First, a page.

I’m still working through projects from the Creativ Festival. This one is reversible image crochet from a workshop by Sonja Hood. The concept is similar to double knitting in that it creates matching images on both sides of the work. I was completely blown away by this technique and can see a lot of great uses for it. It’s worked using two contrasting strands of yarn together making a very thick fabric – perfect for dishcloths or really warm blankets.
Below are the samples I stitched followed by a detailed tutorial on how to crochet reversible images.
Reversible image crochet is created using double crochet with two strands of yarn held together. For best results choose two yarns of highly contrasting colours. The image portion is created by working the front loop and back loop separately, using a stitch that I’m going to call puffy double crochet, because I don’t remember what it was actually called. It’s essentially worked as if you were making a double crochet two together but into a single stitch instead of across two stitches.
Holding two strands of yarn together, chain your desired number of stitches and complete a row a double crochet. I’m making the skull above, so the pattern is 12 stitches wide. With worsted weight yarn I used a 6mm hook.
The second row of the skull pattern has 4 regular stitches, 4 image stitches and another 4 regular stitches. Work the first four double crochets up to the point where the image begins.
To get ready for the first stitch of the image, extend the loops that are currently on the hook.
Remove one colour loop from the hook (in this case grey) and tighten up the loop of the other colour (in this case pink) so it is ready to use.
Yarn over and insert the hook into the front loop only of the next double crochet.
Yarn over and pull up a loop (three loops on hook).
Yarn over and pull through two loops on the hook (two loops remain).
To get ready to complete the second half of the stitch, extend the pink loop that is currently on the hook and remove it from the hook. (Extending the loop is just to make sure it doesn’t get pulled back into your work and unravel the crochet). Put the grey loop back on the hook and tighten it up so it’s ready to use.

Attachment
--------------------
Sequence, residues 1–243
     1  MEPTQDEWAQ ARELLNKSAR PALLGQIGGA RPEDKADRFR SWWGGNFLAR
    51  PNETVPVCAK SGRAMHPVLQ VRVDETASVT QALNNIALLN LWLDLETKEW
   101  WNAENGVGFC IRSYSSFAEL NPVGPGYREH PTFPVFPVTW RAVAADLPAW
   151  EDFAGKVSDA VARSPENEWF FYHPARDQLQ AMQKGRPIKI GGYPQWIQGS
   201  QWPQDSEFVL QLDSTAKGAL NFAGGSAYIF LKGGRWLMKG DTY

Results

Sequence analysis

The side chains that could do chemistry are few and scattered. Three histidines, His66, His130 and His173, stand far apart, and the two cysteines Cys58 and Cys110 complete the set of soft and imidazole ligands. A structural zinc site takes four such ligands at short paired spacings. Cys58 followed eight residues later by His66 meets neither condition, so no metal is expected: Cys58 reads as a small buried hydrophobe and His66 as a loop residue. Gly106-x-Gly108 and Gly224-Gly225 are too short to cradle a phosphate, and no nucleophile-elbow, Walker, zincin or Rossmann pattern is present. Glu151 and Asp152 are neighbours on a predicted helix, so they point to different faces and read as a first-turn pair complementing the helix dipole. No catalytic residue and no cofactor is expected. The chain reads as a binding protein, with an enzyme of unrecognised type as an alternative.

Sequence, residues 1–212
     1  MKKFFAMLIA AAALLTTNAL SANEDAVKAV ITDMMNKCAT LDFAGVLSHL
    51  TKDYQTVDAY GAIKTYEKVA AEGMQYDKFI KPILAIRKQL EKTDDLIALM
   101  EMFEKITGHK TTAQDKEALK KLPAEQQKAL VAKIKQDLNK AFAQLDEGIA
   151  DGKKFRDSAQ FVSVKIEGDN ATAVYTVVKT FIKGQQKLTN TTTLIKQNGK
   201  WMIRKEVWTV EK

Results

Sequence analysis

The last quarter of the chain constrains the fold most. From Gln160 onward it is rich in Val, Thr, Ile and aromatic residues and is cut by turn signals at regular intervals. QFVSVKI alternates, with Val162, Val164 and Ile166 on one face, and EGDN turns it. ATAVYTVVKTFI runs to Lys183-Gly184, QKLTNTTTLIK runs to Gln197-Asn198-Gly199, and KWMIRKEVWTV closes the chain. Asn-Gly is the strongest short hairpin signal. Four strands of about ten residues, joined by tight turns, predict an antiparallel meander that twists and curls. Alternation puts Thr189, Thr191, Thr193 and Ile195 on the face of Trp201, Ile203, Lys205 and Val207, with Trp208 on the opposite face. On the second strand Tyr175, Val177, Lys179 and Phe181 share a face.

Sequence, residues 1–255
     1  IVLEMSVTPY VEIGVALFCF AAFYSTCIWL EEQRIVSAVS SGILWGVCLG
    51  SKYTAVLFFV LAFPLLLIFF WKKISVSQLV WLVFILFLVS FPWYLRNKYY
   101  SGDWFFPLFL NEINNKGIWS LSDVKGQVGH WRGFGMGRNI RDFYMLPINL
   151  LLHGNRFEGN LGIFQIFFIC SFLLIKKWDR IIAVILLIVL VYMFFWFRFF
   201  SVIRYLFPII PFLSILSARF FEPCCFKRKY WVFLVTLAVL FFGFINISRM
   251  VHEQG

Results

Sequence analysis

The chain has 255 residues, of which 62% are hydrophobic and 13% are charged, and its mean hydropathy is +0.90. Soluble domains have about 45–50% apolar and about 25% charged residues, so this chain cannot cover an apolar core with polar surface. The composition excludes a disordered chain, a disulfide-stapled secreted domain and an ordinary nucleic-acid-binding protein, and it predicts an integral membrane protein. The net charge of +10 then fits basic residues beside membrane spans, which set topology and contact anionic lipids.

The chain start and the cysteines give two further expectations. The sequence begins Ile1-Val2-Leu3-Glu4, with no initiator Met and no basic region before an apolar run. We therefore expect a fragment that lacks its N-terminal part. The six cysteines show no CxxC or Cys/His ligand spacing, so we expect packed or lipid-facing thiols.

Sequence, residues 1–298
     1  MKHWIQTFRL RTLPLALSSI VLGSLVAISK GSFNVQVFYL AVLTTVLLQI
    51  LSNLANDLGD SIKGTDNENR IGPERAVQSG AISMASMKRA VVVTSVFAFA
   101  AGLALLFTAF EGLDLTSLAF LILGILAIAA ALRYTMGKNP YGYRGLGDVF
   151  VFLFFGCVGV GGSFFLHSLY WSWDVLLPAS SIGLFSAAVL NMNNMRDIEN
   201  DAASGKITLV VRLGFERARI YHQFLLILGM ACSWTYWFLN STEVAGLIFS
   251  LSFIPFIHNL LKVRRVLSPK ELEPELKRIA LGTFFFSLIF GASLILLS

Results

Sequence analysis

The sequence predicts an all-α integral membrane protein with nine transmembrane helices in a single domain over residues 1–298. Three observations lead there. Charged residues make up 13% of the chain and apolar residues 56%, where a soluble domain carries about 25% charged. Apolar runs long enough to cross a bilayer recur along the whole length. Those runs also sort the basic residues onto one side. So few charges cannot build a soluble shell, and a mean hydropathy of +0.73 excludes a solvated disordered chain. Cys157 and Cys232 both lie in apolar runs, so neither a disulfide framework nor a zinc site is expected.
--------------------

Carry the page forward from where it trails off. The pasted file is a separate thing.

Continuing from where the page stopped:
Yarn over and insert the hook into the unworked back loop of the same stitch the pink stitches were worked into.
Yarn over and pull up a loop (three loops on hook).
Work the rest of the stitch the same way as the pink stitch:
Yarn over and pull through two loops (two loops remain).
Yarn over and insert into the same back loop to pull up a loop (four loops on hook).
Yarn over and pull through two loops (three loops remain).
Yarn over and pull through all three loops.
That completes both halves of the puffy double crochet stitch.
Continue working the rest of the image stitches in this same way. Once the needed number of stitches are completed (a total of four stitches in this case), place both loops back on the hook to continue on.
Work the remaining stitches as normal double crochet stitches using both strands of yarn.
Here’s what the piece looks like from the front at this point. There are four pink stitches between two sets of multi-coloured stitches.
On the backside, you have four grey stitches between the same two sets of multi-coloured stitches.
Chain your turning stitches and turn the work.
On the wrong side rows, to create the puffy double crochet stitches, the grey yarn will be worked into the front loops, and the pink yarn will be worked into the back loops.
Here’s the next row worked up to the first puffy double crochet. I’ve extended the pink loop and removed it from the hook. The grey loop is tightened up and ready to use.
The next grey stitch is worked into the front loop of the next double crochet, but the following grey stitch is worked into a puffy double crochet.
In this case, the ‘front loop’ is considered to be the two strands of the grey stitch and the ‘back loop’ is considered to be the two strands of the pink stitch. So, the grey half of the next stitch will be worked into the grey loops.
If you are working a normal double crochet into a puffy double crochet, the stitch is worked through all four loops of the puffy stitch (both the pink and grey stitch in this case).
When working multiple puffy stitches in a row it is possible to work all of the front loops before working all of the back loops. This is much faster than needing to switch colours within each stitch.
Here I have finished the first half of each of the six image stitches using the grey yarn.
Here’s a top view where you can see the grey stitches towering over the ledge of unworked back loops where the pink stitches will be worked.
As you work the pink stitches into the back loops you will notice that a pocket forms between the pink and grey stitches.
This is normal. As you continue working an image, regular double crochets will eventually be worked over the image stitches. As already stated, these double crochets are worked through all four loops of the puffy double crochet. This closes up the pocket to complete the image.
A couple of final tips:
Some people find it easier to work the back loop of the puffy stitches before the front loop. Give it a try to see what works best for you.
You can change which colour shows on the front or back of the work based on which yarn you work into which loops. This allows for the creation of two colour images. (See the butterfly above where the body is one colour and the wings are the other).